One debtor is hedge fund mogul Paul Singer and his company Elliott Management. Singer purchased an insurance policy where he gets paid if iHM fails to pay its debt. According to the New York Post today, Singer purchased credit default swaps, which means he will get re-paid his full debt if/when iHM declares bankruptcy. By forcing iHM into bankruptcy, Singer would recoup his debt, plus potentially pull a mighty profit. The New York Post reports iHM is now suing Singer to try and stop his plans.

Media Life Magazine's Court Stroud today wrote an article, entitled "Coming, the collapse of radio's iHeartMedia," detailing out many of iHM's many problems they are now facing.

In Stroud's opinion, iHM is facing three scenarios in the immediate future:
    1. Reshuffling its immense debt once again, something shareholders are sure to turn down.

    2. Removing all current corporate heads and replacing them with new corporate heads who can turn the company around. This was tried in 2010 and it didn't work then. It's doubtful it will work a second time.

    3. Going into bankruptcy and breaking up the company, which would include selling off its many divisions and possibly even its radio stations. This appears to be the most probable scenario.

Wrote Stroud today: "But no matter what any of these assets might fetch, the breakup of iHeartMedia would be a good thing -- good for radio, good for the employees and good for all the divisions. The various business units would stand a strong chance of ending up in the hands of capable operators with the know-how and resources to maximize their true value. Advertisers and media buyers would certainly benefit."

The value of the companies divisions may be higher than that of its radio stations, largely due to timing. CBS may be on the verge of selling their entire radio division. CBS Radio is the third largest radio station corporation. Cumulus Media, the second largest radio corporation, is struggling with deep debt itself for many of the same reasons iHM is. Cumulus is itself trying hard to stay out of bankruptcy, but industry insiders are unsure the company will be able to stay out of bankruptcy much longer. This could also cause some Cumulus radio clusters to go up for sale. Tribune Media is considering selling some of its assets to help boost its television division and its sole radio station, WGN-AM is likely to go up for sale. With a glut of radio properties potentially entering the market in the coming months, some of which will have to be sold as fast as possible, this will drive their values way down.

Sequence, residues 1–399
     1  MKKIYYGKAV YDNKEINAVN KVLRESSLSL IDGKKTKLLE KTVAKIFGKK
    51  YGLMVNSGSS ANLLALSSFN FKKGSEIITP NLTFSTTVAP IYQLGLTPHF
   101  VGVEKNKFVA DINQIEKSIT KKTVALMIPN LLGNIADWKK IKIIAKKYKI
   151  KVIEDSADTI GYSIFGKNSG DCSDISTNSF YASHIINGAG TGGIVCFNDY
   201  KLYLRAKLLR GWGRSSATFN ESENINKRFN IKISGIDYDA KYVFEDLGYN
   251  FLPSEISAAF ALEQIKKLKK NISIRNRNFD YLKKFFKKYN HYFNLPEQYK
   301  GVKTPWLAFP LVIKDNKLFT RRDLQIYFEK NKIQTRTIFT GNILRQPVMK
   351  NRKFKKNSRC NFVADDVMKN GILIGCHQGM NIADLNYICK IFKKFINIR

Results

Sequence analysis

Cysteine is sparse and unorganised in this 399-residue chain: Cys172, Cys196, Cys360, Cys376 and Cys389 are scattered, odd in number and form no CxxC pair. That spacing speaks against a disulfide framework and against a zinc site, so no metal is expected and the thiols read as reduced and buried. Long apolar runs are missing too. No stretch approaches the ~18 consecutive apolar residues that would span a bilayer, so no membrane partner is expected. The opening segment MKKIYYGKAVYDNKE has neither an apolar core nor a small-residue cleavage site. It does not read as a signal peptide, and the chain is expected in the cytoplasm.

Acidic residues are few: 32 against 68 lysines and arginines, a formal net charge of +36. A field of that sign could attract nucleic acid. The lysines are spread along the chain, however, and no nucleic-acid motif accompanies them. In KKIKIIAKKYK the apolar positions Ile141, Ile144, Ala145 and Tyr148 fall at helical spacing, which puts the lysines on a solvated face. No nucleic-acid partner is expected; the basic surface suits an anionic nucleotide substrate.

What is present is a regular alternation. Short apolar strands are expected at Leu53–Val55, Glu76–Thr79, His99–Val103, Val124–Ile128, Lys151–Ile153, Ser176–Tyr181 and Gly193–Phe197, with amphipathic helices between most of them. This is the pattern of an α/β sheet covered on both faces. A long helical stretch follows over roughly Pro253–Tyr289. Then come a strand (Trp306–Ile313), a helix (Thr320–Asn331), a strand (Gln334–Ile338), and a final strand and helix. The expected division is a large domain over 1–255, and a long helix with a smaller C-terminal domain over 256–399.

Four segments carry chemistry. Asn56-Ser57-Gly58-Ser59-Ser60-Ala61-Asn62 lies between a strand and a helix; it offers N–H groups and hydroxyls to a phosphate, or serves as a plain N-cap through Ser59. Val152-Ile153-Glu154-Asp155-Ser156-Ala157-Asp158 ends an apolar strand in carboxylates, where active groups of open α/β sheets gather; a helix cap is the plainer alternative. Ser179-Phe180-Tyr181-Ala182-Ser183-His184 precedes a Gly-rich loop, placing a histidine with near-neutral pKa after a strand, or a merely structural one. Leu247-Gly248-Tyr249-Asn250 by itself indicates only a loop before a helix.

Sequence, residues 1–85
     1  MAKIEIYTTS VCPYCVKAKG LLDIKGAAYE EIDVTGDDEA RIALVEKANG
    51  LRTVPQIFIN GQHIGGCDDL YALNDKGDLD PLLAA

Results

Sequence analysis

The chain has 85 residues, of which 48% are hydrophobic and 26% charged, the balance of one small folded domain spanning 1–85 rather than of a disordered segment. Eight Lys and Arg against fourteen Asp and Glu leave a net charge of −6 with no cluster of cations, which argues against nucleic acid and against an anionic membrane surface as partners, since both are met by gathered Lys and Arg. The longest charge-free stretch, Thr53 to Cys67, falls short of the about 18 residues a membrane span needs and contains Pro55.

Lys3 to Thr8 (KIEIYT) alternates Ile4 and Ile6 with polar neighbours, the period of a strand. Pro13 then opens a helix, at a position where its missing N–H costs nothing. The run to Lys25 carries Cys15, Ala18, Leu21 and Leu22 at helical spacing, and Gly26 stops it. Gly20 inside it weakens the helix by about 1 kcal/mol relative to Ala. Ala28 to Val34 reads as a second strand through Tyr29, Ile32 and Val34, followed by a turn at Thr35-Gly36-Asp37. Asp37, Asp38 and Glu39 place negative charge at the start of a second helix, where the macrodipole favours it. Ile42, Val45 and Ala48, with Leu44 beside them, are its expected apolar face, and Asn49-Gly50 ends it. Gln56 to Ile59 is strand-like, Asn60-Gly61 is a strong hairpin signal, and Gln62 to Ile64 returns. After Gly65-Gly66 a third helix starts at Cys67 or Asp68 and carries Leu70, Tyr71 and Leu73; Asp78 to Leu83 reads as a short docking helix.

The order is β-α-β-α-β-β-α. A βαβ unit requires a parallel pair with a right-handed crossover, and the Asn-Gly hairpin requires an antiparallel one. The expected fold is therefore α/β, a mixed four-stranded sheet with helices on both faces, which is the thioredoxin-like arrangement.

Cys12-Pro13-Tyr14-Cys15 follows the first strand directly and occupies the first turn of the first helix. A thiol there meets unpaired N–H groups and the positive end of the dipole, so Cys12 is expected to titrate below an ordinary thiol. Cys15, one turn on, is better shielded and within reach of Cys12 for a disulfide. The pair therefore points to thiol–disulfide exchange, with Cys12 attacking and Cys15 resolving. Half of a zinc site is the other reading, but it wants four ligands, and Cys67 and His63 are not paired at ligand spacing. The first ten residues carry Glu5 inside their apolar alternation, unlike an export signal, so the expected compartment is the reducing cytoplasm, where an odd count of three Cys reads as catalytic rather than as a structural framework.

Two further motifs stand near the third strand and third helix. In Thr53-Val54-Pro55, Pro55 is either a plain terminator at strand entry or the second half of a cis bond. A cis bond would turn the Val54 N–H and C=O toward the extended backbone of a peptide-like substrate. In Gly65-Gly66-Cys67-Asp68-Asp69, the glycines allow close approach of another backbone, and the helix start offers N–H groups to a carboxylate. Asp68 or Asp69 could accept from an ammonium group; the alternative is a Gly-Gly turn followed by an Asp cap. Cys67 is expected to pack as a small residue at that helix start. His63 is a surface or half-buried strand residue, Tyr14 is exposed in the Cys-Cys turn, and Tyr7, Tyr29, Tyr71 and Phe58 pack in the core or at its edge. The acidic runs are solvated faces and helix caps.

In Chicago, the fall of iHM would be felt on a major scale.

iHM owns and operates the following Chicago radio stations: WLIT-FM/93.9 MYfm, WEBG-FM/BIG 95.5, WVAZ-FM/V103, WKSC-FM/103.5 Kiss FM, WGCI-FM/107.5-WGCI, and WGRB-AM/Inspiration 1390AM. The FM stations also have additional sub-stations broadcasting on HD Radio. Additionally, iHM owns WVON-AM 1690, but leases the frequency out to Midway Broadcasting.

The Chicago offices of the iHM-owned Total Traffic & Weather Network (TTWN) supplies traffic information to numerous Chicago radio stations not owned by iHM, including Chicago's #1 station, WBBM-AM/Newsradio 780 & 105.9. The Chicago TTWN offices also delivers traffic and news reports to radio stations throughout the Midwest.

Advertising firm Katz Media Group, owned by iHM, has a large office in Chicago. Clear Channel Outdoor is one of the largest billboard owners in the Chicagoland area.

The Telecommunications Act of 1996 changed radio in a major way over the course of just a few years. The downfall of some radio giants in 2016 -- a direct result of that Telecommunications Act -- will have an impact on radio for many years to come. If it is a positive or negative impact remains to be seen.